Every business needs capital to expand their growth and broaden their potential for success. One major problem is that many startups don’t always have easy access to the money or the support to raise the necessary funds and grow their expert ideas. It’s one reason why nearly 80% of startups fail before surpassing their first five years. 

Yet, applying for business expansion financing can ultimately help save your company from becoming another statistic in the funeral pile of dead business enterprises. From companies like Lighter Capital that offer revenue-based loans to services like Bolstr that help small businesses raise capital from investors, knowing your company’s monetary worth is essential when seeking financial help.

These four tips to secure business expansion financing can help save your small business empire while setting your financial ducks in a row:

1. Review the Lender’s Requirements Before Striking a Deal

Before preparing your application, small business owners should review the lender’s requirements to determine what works best for your business’ expansion. Since the process can be extremely long and tedious, both parties could waste time and energy if they haven’t reviewed the lender’s policies to see if it’s the best fit for their business. Make sure you review the financial metrics used by a specific lender or banking institution so you understand how they make lending decisions before you apply for the loan. As you apply for expansion financing, you’ll need to demonstrate to lenders that your small business generates a positive cash flow and that you can repay any debts in the future. Lenders also want to make sure you don’t have too much debt. Often, lenders use the debt service coverage ratio, a quick ratio, and a current ratio to calculate a company’s liquidity and ability to repay their debts. However, small businesses can determine these ratios beforehand so they can appear more desirable and confident before securing a loan. These liquidity ratios can help entrepreneurs manage their assets clearly. Ways to determine these finance rations are as follows:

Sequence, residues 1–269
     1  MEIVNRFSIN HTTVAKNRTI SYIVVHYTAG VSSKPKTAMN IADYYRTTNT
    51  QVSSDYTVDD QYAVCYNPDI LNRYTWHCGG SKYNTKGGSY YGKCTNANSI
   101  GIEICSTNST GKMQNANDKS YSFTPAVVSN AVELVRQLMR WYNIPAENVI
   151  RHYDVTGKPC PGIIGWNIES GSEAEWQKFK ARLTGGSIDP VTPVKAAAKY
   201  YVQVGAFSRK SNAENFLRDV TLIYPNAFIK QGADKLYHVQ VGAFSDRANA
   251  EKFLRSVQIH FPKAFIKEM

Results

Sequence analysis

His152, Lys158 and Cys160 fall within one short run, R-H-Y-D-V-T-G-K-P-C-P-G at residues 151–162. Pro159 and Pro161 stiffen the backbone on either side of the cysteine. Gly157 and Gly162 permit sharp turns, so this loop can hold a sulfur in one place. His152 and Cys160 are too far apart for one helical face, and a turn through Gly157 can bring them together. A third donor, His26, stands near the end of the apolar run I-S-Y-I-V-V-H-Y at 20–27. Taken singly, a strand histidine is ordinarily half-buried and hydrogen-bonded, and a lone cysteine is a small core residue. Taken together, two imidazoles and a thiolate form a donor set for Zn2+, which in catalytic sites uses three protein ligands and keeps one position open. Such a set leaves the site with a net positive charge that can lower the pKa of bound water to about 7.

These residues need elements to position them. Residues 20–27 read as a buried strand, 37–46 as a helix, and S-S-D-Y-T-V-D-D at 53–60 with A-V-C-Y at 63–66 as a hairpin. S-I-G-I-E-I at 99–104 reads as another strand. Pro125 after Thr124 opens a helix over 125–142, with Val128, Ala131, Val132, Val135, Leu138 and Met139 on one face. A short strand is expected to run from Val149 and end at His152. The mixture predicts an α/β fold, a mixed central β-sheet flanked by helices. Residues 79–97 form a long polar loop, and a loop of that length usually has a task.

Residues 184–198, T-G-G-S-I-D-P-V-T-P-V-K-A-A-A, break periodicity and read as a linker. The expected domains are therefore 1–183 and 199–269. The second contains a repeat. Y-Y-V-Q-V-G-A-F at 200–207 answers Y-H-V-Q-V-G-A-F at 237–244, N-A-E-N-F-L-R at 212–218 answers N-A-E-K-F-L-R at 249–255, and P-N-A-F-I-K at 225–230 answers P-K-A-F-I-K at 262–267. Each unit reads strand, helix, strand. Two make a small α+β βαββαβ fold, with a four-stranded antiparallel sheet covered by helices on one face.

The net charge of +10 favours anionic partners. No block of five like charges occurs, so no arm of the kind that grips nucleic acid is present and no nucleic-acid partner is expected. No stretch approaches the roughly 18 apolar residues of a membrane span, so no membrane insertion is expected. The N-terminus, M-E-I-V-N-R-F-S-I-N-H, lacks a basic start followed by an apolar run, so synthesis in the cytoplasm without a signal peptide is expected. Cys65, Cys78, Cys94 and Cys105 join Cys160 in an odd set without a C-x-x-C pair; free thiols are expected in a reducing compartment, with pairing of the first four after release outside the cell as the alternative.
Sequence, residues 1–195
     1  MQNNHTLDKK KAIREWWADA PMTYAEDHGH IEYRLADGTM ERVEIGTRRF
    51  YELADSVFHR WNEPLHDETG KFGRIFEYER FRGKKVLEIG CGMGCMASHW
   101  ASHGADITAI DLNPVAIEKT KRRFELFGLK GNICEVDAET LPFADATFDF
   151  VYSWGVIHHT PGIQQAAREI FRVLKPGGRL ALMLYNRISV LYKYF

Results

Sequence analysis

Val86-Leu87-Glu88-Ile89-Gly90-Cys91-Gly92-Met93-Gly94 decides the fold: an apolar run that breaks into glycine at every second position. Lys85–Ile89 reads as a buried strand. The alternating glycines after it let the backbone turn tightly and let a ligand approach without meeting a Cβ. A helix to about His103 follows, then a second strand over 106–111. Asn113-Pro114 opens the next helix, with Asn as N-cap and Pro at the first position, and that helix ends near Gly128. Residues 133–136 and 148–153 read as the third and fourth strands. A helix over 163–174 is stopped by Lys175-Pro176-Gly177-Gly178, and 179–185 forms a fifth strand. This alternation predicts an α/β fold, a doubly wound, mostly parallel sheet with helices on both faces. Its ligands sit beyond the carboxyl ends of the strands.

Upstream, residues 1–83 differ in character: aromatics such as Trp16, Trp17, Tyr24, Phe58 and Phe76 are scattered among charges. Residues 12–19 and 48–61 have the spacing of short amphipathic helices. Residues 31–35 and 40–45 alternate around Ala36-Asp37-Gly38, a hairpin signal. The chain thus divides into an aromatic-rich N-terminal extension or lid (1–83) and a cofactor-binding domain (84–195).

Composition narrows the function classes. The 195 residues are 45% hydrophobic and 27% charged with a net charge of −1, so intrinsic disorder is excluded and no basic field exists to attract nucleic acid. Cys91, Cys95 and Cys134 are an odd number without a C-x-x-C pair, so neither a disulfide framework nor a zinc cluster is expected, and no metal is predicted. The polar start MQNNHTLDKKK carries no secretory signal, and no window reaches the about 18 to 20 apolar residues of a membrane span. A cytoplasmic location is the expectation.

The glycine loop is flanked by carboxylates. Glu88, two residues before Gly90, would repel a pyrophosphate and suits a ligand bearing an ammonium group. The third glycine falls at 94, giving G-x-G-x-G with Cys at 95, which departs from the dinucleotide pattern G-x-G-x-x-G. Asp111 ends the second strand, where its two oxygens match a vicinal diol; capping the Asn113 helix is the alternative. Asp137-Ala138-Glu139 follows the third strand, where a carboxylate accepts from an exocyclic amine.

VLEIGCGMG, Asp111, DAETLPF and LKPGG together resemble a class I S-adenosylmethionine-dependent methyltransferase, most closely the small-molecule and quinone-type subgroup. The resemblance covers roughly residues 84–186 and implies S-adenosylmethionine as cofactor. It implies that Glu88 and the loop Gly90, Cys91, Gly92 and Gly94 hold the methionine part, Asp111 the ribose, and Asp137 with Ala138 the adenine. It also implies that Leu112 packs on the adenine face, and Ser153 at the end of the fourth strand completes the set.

Current Ratio: Find your company’s current assets and liabilities. Divide the assets by the liabilities to get the ratio.

Quick Ratio: Find your current assets, liabilities, and inventory value on your company’s balance sheet. Subtract the inventory from current assets. Then divide the result by the current liabilities.

Cash Ratio: On your balance sheet, determine the current liabilities, marketable securities, and cash. Add the cash value to marketable securities. Divide the result by current liabilities.

2. Clean up your Finances